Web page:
new FileOutputStream("helloworld.txt"), "utf8");

Case 14: Convert from InputStream to FileReader

import java.io.FileInputStream;
import java.io.IOException;
import java.io.InputStreamReader;
import java.io.Reader;

public class FileOperationTest {

  public static void main(String[] args)
      throws IOException {
    Reader in = new InputStreamReader(
        new FileInputStream("helloworld.txt"));
    char cs[] = new char[1024];
    int len = -1;
    while ((len = in.read(cs)) != -1) {
      System.out.println(new String(cs, 0, len));
    }
    in.close();
  }
}

Case 15: Use pipeline

The following code creates two thread, a Producer which writes something into the pipeline at one end and a Consumer which reads it from the pipeline at the other end. To create a pipeline, we need to create PipedInputStream and PipedOutputStream seperately, and connect them using output.connect(input) or via their constructors. In this program, I intentionally start the Consumer thread first and ask the whole program to sleep 1 second before starting the Producer thread. This will show the pipeline DOES work. It is worthy noting that, I close the pipeline in the Producer because “A thread that writes to a stream should always close the OutputStream before terminating.” If we remove the out.close() line, an IOException will be thrown

java.io.IOException: Write end dead
    at java.io.PipedInputStream.read(PipedInputStream.java:311)
    at java.io.PipedInputStream.read(PipedInputStream.java:378)
    at java.io.InputStream.read(InputStream.java:101)
    at foo.Consumer.run(FileOperationTest.java:58)
    at java.lang.Thread.run(Thread.java:701)
import java.io.IOException;
import java.io.InputStream;
import java.io.OutputStream;
import java.io.PipedInputStream;
import java.io.PipedOutputStream;

public class FileOperationTest {

  public static void main(String[] args)
      throws IOException, InterruptedException {

    PipedInputStream input = new PipedInputStream();
    PipedOutputStream output = new PipedOutputStream();
    output.connect(input);

    Producer producer = new Producer(output);
    Consumer consumer = new Consumer(input);
    new Thread(consumer).start();
    Thread.sleep(1000);
    new Thread(producer).start();
  }
}

class Producer implements Runnable {

  private final OutputStream out;

  public Producer(OutputStream out) {
    this.out = out;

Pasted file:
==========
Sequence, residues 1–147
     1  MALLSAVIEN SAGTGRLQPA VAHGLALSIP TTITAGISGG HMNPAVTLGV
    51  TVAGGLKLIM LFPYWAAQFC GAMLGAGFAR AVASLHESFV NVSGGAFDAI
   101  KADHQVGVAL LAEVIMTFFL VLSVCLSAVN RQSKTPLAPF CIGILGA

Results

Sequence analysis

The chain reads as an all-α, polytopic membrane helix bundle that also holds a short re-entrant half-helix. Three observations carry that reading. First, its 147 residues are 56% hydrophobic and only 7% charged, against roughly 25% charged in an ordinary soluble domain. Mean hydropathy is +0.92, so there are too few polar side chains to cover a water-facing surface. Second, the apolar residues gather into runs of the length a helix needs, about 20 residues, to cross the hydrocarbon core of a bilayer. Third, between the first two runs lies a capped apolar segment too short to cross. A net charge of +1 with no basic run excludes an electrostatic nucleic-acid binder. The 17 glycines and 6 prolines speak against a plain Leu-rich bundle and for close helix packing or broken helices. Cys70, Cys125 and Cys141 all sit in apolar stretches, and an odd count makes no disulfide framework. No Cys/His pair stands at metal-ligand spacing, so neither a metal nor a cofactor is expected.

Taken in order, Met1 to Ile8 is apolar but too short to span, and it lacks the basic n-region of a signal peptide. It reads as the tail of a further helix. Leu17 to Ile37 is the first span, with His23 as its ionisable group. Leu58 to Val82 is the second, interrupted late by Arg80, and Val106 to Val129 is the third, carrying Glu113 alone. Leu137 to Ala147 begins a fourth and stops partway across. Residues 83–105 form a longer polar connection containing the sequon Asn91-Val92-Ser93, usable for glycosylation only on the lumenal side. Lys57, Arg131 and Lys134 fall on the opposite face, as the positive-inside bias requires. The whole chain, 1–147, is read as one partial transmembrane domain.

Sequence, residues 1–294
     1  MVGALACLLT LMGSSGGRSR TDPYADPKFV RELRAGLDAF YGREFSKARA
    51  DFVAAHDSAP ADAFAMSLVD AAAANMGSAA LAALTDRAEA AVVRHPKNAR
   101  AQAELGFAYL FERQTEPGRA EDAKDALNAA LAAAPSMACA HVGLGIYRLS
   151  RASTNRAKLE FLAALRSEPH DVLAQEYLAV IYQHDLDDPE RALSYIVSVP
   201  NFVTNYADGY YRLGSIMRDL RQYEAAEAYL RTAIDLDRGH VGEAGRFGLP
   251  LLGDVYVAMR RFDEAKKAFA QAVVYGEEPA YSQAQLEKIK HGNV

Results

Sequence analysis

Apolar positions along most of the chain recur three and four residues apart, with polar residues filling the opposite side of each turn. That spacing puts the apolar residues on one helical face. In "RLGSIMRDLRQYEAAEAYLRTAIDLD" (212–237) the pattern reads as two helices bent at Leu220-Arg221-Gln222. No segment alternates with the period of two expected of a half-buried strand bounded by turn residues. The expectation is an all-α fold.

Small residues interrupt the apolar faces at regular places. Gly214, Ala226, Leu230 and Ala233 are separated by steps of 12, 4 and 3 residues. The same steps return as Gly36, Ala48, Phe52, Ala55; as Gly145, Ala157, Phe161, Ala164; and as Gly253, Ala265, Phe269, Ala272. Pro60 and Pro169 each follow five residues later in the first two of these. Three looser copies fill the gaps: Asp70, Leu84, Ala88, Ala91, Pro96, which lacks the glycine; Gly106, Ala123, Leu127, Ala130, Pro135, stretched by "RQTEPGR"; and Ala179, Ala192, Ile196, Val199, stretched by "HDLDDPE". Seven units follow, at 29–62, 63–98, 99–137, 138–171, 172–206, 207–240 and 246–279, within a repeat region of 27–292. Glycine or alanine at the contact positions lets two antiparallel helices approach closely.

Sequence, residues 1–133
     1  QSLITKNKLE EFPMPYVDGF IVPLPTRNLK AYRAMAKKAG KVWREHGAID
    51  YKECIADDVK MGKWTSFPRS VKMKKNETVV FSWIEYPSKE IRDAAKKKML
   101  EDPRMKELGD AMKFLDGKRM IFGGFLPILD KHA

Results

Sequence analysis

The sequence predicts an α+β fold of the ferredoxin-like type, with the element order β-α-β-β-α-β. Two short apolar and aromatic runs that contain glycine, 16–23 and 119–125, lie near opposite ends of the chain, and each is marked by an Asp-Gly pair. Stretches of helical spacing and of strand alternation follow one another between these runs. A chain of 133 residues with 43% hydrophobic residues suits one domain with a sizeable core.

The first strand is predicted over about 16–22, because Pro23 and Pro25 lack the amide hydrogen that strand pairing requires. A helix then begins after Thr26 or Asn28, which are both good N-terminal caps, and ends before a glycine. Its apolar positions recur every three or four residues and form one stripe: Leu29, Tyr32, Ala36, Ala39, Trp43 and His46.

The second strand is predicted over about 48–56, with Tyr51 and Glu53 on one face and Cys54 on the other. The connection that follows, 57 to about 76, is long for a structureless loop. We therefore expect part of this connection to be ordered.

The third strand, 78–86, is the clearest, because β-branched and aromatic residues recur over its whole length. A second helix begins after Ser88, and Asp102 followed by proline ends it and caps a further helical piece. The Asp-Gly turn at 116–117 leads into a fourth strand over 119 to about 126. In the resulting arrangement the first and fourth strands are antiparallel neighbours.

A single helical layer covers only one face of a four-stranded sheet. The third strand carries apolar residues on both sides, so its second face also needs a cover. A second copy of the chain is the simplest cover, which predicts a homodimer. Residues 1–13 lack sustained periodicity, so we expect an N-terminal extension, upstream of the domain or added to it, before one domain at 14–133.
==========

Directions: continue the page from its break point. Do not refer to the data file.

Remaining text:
}

  @Override
  public void run() {
    String str = "hello world!";
    try {
      out.write(str.getBytes());
      out.flush();
      out.close();
    } catch (Exception e) {
      e.printStackTrace();
    }
  }
}

class Consumer implements Runnable {

  private final InputStream in;

  public Consumer(InputStream in) {
    this.in = in;
  }

  @Override
  public void run() {
    byte[] bs = new byte[1024];
    int len = -1;
    try {
      while ((len = in.read(bs)) != -1) {
        System.out.println(new String(bs, 0, len));
      }
    } catch (IOException e) {
      e.printStackTrace();
    }
  }
}

Case 16: Write formatted string to a file

PrintStream adds functionality to print representations of various data values conveniently. The format string syntax is almost same as C.

import java.io.FileOutputStream;
import java.io.IOException;
import java.io.PrintStream;

public class FileOperationTest {

  public static void main(String[] args)
      throws IOException {
    PrintStream print = new PrintStream(
        new FileOutputStream("helloworld.txt"));
    print.printf("%s %s!", "hello", "world");
    print.close();
  }
}

Case 17: Redirect the “standard” IO

In Java, both standard and error output are PrintStreams. The standard input is InputStream. Therefore we can reassign them freely. The following code redirect the standard output to error output.

public class FileOperationTest {
  public static void main(String[] args) {
    System.out.println("hello world!");
    System.setOut(System.err);
    System.out.println("hello world!");
  }
}

Output: In Eclipse, red text means error message

hello world!hello world!

Case 18: Read a file line by line

import java.io.BufferedReader;
import java.io.FileReader;
import java.io.IOException;

public class FileOperationTest {

  public static void main(String[] args)
      throws IOException {
    BufferedReader reader = new BufferedReader(
        new FileReader("helloworld.txt"));
    String str = null;
    while ((str = reader.readLine()) != null) {
      System.out.println(str);
    }
    reader.close();
  }
}

Case 19: Compress to a zip file

import java.io.FileOutputStream;